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Education funding should be a top priority

Local Commentary

Posted: April 27, 2008 7:41 p.m.
Updated: June 28, 2008 5:02 a.m.
California faces some very difficult times, given the state's budget deficit. In January, the governor announced a $14.5 billion shortfall.

Some immediate cuts to spending by the Legislature got the deficit down to $8 billion. However, if income tax revenue is less than expected, the deficit could easily go back up to more than $10 billion. Wherever the shortfall ends up, it will be significant.

To deal with the ongoing deficit, Gov. Arnold Schwarzenegger proposed 10 percent across-the-board reductions in state spending for the 2008-09 budget year. This would translate to a cut of $292 million for the community college system and $1.5 million for College of the Canyons, specifically.

These cuts come on the heels of a $1.1 million cut to the College of the Canyons current budget with just three months left in the fiscal year - cuts triggered by property tax revenue shortfalls throughout the state.
The task facing our legislators as they deal with these structural deficits is not an easy one. Reductions will have to be made, and no one wants his or her program to be cut. The governor's approach to next year's budget - cut all state programs 10 percent - assumes that all programs are needed equally, given our state's difficult economic times.

I'm not convinced that this is true. Instead, our legislators will have to set priorities and make some difficult decisions.

Educated workforce lifts economy
Education needs to be seen as a priority. Given the knowledge and training that higher education offers to California's workforce, we are among the few state programs that can play an active role in reversing our sinking economy.

With the support of our community, we at College of the Canyons have a track record for preparing students to transfer and for delivering relevant education and training programs. With the help of local hospitals, and fire and police agencies, we train professions who serve us all, like health-care providers and first responders.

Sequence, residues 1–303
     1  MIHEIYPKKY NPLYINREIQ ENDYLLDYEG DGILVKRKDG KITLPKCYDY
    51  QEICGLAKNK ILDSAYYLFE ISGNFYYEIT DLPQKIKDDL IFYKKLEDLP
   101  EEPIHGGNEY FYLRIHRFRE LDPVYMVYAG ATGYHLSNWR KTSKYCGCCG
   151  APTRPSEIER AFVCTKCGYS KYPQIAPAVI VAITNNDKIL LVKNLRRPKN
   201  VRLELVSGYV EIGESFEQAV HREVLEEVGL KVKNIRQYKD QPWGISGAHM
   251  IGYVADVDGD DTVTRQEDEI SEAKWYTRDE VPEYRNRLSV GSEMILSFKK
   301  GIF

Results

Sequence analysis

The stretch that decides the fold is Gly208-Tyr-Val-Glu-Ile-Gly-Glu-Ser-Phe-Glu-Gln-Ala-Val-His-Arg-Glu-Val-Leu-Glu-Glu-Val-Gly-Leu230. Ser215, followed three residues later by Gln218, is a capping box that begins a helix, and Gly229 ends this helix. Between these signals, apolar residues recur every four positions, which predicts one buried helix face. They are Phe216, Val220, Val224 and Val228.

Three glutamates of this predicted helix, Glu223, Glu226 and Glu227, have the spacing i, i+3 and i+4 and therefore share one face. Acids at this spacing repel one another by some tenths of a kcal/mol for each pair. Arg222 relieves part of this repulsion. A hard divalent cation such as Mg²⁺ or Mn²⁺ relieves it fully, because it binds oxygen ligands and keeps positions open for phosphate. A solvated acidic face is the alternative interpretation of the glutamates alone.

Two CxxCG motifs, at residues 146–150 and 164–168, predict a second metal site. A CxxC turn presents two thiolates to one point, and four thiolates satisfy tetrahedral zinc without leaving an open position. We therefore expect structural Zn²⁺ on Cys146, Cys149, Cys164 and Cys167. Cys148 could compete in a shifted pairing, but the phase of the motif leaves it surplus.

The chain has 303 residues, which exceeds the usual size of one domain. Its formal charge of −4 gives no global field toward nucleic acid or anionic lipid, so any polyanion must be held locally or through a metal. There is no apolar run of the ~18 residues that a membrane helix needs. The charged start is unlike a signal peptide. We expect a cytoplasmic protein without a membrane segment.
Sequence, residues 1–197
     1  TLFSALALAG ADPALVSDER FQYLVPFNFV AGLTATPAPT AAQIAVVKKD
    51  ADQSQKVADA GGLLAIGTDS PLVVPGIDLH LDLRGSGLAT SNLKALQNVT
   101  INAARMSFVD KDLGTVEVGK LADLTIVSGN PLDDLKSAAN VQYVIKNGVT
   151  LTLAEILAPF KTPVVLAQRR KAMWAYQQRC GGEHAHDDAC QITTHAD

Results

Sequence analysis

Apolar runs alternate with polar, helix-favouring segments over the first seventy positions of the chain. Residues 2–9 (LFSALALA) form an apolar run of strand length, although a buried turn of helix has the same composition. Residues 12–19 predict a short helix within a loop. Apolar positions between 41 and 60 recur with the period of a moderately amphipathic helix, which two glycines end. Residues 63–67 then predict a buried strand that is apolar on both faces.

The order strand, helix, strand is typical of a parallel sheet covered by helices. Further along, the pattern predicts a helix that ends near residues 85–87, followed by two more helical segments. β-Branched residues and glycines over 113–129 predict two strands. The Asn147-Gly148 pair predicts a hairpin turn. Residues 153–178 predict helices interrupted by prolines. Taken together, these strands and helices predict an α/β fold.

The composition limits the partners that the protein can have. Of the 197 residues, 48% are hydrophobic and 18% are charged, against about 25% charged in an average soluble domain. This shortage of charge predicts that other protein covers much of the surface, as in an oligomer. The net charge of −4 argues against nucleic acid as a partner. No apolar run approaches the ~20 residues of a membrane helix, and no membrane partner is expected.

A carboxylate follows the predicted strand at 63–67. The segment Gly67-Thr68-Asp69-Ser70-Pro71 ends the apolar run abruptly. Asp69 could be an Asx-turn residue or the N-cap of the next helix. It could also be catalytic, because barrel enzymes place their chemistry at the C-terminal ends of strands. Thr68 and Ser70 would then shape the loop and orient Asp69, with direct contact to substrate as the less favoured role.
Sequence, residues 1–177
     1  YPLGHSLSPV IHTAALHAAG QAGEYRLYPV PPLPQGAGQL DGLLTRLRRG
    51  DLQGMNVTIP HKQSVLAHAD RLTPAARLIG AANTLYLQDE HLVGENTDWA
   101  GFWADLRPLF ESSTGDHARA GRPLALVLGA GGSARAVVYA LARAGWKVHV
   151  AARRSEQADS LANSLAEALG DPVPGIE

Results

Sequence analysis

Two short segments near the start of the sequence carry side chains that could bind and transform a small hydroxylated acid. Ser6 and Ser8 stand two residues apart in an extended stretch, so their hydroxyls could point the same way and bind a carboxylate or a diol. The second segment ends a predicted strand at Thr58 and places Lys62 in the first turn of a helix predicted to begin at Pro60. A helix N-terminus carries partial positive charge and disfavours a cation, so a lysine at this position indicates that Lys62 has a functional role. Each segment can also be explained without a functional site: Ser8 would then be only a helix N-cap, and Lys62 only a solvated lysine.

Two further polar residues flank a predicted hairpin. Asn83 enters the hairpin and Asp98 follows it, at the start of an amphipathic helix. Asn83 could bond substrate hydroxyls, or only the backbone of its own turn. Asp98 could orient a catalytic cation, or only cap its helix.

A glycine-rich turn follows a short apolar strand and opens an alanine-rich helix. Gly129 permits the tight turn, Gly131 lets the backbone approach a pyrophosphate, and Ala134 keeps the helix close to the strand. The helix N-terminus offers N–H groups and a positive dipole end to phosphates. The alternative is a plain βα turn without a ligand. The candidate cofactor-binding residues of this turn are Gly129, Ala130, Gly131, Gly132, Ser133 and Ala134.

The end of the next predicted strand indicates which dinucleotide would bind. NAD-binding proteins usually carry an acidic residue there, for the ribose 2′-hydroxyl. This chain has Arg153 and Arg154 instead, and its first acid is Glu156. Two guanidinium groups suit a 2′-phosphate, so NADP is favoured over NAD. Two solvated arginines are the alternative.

With investments from the federal government and support from Congressman Howard "Buck" McKeon, the college has purchased equipment for important programs like the University Center, Medical Lab Technician Training, and Advanced Technology, including nanotechnology and biotechnology.

With the support of voters, we have facilities that can accommodate the training needed. With these things in place, we need operational funding from the state to keep instructors in the classrooms and students in the seats so they can be trained and move into cutting-edge, high-paying jobs.

Specific fixes
We are asking you to help us continue all these great programs and services at the level our community needs. You can make a difference by contacting our legislators and sharing with them the benefits education provides to our community. Here are three suggestions:

* The long-term fix is to develop a two-year state budget. This will help schools and colleges plan. Cuts should not be made after our resources have been committed, after we have served the students and paid the instructors to teach the classes.

* The state should apply any one-time money available to cover the property tax shortfall for 2007-08.
* Lastly, education should be a priority for the 2008-09 budget.

Across-the-board reductions are an overly simplistic approach to a complex problem.

You can find more information about the budget and its impact, and on how to contact the governor and our legislators, by visiting the College of the Canyons advocacy Web site at Take the time to get involved. The issues are too great for us to ignore.

Barry Gribbons is assistant superintendent/vice president of Institutional Development, Technology and Online Services at College of the Canyons. His column reflects his own views, not necessarily those of The Signal.


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